“Don’t Stop Believin’” Excessive Optimism about Partner Makes for Happy Marriage: Psychology of Relationships

Married Couple in love showing affection with optimism

 

 

 

 

 

 

 

 

 

 

I’m sure you’ve heard the old adage, “the honeymoon’s over.”  Obviously, it means that the initial euphoria of being in love and/or being married usually wears off or transitions into a more realistic and less idealistic relationship. Why does this seem to happen?

Most partners, when initially committing to each other, have strong positive biases regarding their significant others’ traits, including both strengths and weaknesses. However, often the blinded-by-love opinions of the spouse become less favorable as time wears on.

This phenomenon was examined by researchers using 222 newlyweds as subjects over a three-year period, and their results were recently published in Psychological Science. All the participants were found to be relatively happy early in the marriage but their satisfaction declined over the three years of the study. However, one group—made up of couples in which both spouses had the most idealistic views of their partners at the beginning of the study—showed no decrease in marital satisfaction.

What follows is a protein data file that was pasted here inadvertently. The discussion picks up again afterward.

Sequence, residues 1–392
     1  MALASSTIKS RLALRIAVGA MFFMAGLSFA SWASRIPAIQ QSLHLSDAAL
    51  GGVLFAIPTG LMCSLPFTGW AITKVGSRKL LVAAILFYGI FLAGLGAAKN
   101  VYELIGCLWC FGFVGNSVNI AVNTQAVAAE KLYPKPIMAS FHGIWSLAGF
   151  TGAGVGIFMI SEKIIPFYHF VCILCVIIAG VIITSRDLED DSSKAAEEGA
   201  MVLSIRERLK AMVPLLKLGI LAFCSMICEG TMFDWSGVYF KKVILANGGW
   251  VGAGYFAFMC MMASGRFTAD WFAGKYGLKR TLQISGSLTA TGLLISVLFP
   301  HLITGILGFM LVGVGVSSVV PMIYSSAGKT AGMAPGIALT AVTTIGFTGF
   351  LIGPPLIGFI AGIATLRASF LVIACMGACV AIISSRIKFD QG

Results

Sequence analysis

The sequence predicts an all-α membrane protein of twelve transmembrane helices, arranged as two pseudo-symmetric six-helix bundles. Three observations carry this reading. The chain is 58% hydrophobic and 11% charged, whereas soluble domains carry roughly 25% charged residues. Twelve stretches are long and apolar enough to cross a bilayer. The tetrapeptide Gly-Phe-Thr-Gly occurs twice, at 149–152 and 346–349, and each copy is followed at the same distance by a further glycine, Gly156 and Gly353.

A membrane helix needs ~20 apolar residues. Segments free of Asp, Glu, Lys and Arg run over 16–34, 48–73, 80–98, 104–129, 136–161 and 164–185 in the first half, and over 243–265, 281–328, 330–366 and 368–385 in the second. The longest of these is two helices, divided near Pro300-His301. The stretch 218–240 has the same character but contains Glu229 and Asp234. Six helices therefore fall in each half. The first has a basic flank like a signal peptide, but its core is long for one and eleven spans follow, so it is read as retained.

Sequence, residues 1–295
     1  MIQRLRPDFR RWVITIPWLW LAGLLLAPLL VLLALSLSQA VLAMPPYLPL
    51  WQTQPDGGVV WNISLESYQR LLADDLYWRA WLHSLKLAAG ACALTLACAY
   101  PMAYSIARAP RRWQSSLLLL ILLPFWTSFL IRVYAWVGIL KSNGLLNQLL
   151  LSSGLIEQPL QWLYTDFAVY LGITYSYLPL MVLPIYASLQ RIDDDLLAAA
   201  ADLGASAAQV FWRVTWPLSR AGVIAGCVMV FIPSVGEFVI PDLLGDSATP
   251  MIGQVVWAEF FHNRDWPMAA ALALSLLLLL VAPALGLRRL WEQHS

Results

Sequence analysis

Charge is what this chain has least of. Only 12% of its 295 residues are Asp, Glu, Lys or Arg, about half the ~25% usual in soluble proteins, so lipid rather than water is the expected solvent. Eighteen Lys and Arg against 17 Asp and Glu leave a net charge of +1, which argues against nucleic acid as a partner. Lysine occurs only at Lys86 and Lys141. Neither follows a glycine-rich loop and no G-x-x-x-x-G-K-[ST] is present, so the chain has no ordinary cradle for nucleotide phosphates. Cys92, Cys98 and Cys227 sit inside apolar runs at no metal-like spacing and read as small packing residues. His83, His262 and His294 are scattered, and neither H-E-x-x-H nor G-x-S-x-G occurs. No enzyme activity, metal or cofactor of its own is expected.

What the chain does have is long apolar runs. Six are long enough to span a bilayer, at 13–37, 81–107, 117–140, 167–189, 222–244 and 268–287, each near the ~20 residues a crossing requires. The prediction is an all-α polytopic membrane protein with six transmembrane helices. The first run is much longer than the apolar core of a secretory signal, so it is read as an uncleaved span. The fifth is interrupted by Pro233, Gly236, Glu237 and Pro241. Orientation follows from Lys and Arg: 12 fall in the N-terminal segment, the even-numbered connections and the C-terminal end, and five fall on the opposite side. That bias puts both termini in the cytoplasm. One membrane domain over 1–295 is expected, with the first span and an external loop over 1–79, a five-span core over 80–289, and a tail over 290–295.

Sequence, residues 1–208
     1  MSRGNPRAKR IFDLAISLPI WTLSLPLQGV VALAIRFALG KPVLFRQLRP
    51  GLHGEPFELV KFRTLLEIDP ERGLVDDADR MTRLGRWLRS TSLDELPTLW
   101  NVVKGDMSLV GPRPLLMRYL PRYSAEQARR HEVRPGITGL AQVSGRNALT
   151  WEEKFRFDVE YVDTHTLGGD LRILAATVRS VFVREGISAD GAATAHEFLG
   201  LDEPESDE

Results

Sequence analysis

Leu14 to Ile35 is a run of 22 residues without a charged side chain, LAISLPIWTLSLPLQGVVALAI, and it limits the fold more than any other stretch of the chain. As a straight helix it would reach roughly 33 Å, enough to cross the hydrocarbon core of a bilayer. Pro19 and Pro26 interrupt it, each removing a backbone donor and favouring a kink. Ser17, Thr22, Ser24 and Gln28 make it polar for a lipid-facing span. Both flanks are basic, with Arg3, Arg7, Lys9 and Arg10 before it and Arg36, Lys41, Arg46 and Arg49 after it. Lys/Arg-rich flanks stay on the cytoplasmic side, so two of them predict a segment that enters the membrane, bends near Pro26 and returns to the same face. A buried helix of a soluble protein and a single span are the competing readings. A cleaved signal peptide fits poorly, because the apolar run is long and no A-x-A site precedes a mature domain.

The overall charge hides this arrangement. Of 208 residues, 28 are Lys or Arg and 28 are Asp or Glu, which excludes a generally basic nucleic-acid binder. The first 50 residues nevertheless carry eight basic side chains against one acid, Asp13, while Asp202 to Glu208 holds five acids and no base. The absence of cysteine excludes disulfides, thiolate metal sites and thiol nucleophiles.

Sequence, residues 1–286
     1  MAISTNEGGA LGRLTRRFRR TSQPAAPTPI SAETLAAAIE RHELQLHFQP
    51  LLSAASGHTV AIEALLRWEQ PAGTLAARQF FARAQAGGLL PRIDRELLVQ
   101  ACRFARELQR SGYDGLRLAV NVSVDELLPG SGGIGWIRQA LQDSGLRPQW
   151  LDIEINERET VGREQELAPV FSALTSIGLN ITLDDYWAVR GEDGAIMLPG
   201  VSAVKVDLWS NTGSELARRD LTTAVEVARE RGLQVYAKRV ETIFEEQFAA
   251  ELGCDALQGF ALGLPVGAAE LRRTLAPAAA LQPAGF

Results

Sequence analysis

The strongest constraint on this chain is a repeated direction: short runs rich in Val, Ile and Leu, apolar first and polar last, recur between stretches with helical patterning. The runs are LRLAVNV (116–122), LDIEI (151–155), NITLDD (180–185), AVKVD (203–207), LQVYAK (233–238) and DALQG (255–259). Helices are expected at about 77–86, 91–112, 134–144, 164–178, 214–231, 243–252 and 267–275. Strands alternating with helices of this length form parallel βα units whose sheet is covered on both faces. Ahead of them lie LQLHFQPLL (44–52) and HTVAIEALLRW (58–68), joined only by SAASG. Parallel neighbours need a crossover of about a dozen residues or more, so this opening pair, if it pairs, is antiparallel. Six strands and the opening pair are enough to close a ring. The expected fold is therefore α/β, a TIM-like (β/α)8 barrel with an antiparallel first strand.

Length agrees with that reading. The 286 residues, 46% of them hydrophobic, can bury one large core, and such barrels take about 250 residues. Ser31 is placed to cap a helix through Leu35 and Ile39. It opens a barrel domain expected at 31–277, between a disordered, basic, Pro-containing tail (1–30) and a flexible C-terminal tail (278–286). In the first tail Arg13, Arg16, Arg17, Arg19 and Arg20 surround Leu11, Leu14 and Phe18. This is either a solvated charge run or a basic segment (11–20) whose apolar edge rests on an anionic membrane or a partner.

Which comes first—positive biases you have about your spouse, feeling better about yourself because your spouse idolizes you, or the rosy feeling you have when you’re sure your love for someone is being returned to you in spades?

The key to happiness seemed to be viewing your mate and the relationship in a very positive light (even more positively than others would) and being sure that the two of you can work through and resolve problems that arise. Are these young marrieds simply donning rose-colored glasses? Or do you think this approach to relationships is necessary for them to be lasting ones?

 

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